What’s one surefire way to teach kids of all ages about agriculture? Take them to the farm. Agritourism destinations across Missouri provide a fun, educational opportunity for families, school groups and more to learn about agriculture while engaging in hands-on activities.
Fischer Farms Pumpkin Patch and Corn Maze
Take Fischer Farms Pumpkin Patch and Corn Maze in Jefferson City. Husband-and-wife team Jay and Kim Fischer, along with their 21-year-old daughter Jena, are row crop farmers – growing corn, soybeans, wheat and hay. But Jay has also been growing pumpkins his whole life, starting at 8 years old with his grandfather.
“We sold wholesale pumpkins for a long time,” Jay says. “When our daughter, Jena, was born, Kim decided to stay home and we were looking for some ways to diversify the farm. We decided to set some pumpkins in the front yard and see if people would come out to the farm.”
Come they did. The pumpkin patch expanded and the Fischers began inviting school groups and opened their farm for a few hours on weekends. They then planted a 12-acre corn maze and it’s grown from there.
“We take field trips out on hayrides and they get to pick their own pumpkins,” Jay says. “It becomes an educational experience for the kids and they seem really interested. We talk about how the pumpkins grow, how bees pollinate the flowers for them and sometimes a little bit about our corn and where that goes.”
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Fischer Farms Pumpkin Patch and Corn Maze also has a variety of animals, including Clydesdale horses, and a nostalgic barn where visitors can eat their lunch while learning about agriculture.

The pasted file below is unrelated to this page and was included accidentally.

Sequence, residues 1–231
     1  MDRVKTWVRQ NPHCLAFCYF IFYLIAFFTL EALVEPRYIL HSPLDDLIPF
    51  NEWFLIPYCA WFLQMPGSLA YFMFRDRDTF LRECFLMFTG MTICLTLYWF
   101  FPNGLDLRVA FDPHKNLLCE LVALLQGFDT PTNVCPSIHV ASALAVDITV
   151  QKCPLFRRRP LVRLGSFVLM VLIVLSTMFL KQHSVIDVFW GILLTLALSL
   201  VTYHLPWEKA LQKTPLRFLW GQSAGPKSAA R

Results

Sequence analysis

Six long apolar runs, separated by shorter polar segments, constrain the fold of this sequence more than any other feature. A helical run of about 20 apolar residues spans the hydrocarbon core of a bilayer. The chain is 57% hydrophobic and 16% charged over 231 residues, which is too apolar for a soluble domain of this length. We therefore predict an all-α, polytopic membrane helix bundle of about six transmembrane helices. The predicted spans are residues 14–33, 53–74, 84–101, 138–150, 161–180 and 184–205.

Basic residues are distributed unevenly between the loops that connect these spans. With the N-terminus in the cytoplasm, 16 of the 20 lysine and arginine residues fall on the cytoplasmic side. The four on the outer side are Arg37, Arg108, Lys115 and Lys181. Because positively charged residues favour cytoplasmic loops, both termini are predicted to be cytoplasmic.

The Branch Ranch Christmas Tree Farm
A little further north in Philadelphia, Missouri, Butch and Darlene Augspurg of The Branch Ranch offer that same education and excitement through Christmas trees.
“You can go to a box store and buy a Christmas tree, but you don’t get free hot chocolate and cookies, or be able to let your kids run around and holler,” Butch says. “What we sell is experience.”
The couple has approximately 6,000 trees and are strictly choose-and-cut, which means families come to the farm and choose the tree they want. He informs consumers that real Christmas trees are a commodity. “We’re selling a renewable commodity and putting oxygen back into the air,” he says. “I have zero runoff soil on our farm and we maintain a good ecological practice.”
Butch adds that the farm is in a very remote location, which makes it perfect for consumers to spend the day and make memories.
“When you say 600-plus trees, you’re talking about 600-plus families that you can start Christmas with. They come to The Branch Ranch for that special time that starts the season. There are hundreds of stories that come out of it, and the first 25 families that came to our farm are still coming,” he says.
More Missouri Agritourism to Explore
Along with Fischer Farms and The Branch Ranch, other notable Missouri agritourism destinations include Shryock’s Farm in Columbia, where visitors can get lost in a corn maze and watch as a gumball takes a ride down the three-story gumball coaster, and Fahrmeier Farms in Lexington, a family farm specializing in U-pick berries and other fresh produce.